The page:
Four-year funding contracts, a tiered framework for NPOs and a ring-fenced budget for individual artists are all on the table as Arts Council England consults on its plans.
An end to “one size fits all” funding agreements for Arts Council England’s (ACE) National Portfolio Organisations (NPOs) is at the heart of a new set of proposal for funding the arts from 2018.
A consultation process has now begun to enable the arts, museums and libraries sectors to have their say on this and a range of other measures that would see some elements of arts funding in England restructured.
Under the proposals, the length of funding agreements would be extended. Four-year contracts would be offered to all NPOs from 2018-22, even though ACE’s next settlement from government will only cover the period 2018-2020.
ACE expects to continue funding its portfolio at broadly the same level of overall investment as now, but plans to recognise the differing scales and purposes of NPOs for the first time. It acknowledges that the current approach presents “considerable challenges to smaller organisations”.
Different application processes, funding agreements, and monitoring and reporting requirements would be introduced, depending on the level of annual grant funding organisations receive. ACE would lower its expectations of those receiving less than £250k a year, while those receiving more than £1m would face higher demands. Organisations funded at this level would be required to demonstrate how they could “play an active leadership role within the art and culture sector” and more would be asked of them in terms of reporting.
A new category of ‘service organisations’ would be created to deliver specific activities that support the arts and culture sector.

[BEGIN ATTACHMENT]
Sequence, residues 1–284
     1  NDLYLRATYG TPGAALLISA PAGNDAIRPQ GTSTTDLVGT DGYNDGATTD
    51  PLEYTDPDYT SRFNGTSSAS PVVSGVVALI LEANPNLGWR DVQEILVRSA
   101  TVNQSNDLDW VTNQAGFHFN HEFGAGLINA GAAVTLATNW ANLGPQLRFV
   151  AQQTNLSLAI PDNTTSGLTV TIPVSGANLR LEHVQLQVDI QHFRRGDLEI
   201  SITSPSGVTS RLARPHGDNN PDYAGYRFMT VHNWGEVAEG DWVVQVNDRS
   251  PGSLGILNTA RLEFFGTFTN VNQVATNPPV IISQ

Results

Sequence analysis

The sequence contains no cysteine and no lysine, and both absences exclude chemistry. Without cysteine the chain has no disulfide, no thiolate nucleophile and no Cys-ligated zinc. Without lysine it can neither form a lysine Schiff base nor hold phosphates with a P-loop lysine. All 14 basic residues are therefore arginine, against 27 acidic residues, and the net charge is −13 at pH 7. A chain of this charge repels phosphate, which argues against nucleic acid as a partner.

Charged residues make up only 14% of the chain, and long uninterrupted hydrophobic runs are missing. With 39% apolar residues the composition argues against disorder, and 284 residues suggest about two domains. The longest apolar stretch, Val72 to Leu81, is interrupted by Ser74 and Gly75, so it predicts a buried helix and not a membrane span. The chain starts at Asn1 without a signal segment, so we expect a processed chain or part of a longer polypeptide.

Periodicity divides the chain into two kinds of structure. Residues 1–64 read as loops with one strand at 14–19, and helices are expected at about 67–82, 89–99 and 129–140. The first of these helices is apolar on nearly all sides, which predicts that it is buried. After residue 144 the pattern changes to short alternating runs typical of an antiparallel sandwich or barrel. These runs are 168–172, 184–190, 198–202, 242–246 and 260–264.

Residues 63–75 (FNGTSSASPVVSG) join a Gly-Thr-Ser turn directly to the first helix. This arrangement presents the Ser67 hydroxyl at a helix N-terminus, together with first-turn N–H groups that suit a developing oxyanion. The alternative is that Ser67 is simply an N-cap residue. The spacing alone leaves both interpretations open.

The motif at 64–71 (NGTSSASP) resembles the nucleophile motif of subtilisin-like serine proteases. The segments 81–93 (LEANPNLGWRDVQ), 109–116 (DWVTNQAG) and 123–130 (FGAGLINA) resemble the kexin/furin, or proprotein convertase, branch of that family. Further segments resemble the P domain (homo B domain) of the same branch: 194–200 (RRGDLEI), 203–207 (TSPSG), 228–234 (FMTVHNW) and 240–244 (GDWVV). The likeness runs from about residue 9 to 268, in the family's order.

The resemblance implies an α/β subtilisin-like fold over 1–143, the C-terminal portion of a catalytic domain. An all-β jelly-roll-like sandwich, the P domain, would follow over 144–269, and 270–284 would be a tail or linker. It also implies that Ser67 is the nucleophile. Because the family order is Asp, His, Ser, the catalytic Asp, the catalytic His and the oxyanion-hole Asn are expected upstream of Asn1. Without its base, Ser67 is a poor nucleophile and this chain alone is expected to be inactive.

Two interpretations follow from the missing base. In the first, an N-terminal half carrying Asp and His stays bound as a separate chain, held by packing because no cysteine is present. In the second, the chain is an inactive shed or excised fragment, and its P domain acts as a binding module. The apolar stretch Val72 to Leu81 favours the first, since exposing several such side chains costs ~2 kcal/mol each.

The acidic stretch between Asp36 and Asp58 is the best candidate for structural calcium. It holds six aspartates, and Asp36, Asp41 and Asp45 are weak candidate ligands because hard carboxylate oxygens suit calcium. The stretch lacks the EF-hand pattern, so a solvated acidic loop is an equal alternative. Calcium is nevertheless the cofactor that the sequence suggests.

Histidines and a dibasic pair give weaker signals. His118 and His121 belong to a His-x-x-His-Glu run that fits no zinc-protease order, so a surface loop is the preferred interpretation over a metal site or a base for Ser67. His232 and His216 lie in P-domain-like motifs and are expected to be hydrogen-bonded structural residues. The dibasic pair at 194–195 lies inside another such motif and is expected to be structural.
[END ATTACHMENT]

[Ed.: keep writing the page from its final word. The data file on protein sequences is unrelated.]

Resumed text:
The consultation also presents proposals for the integration of museums into the national portfolio and the amalgamation of the Major Partner Museums (MPMs) budget with the arts budget.
Under new proposals, museums and library sector organisations would be eligible to apply for strategic funds and Lottery-funded Grants for the Arts; schemes that have been closed to them since responsibility for museums and libraries policy was transferred to ACE in 2011. ACE hopes this would stimulate “healthy competition for funding” and “greater collaboration between arts organisations, museums and libraries”.
Capital funding would remain ring fenced for arts organisations under current criteria, which prioritise the “consolidation and improvement of the existing arts infrastructure” over significant expansion or new buildings.
More support for individual artists is proposed, in the form of a separate budget line within the Grants for the Arts programme specifically for artists and creative individuals. Also under consideration is “a simple and flexible grants programme” supporting artists at an early stage of their careers.
The criteria for Grants for the Arts funding would be broadened to enable ACE to be “flexible enough to respond to new ways that people make, experience, share and consume art and culture”. It gives examples of new activities that might be eligible for funding, including prototyping new cultural and creative industry products and services; artistic or cultural games; and digital content about arts and culture, including educational content and documentaries.
Full details of the consultation, together with a message from ACE Chief Executive Darren Henley and a synopsis of ACE’s progress towards its ten-year strategy, ‘Great Art and Culture for Everyone’ are published on ACE’s website.
ACE is inviting responses to the consultation until 20 March 2016, and will be hosting a number of briefing events and workshops for funded organisations and individuals across the country in February and March.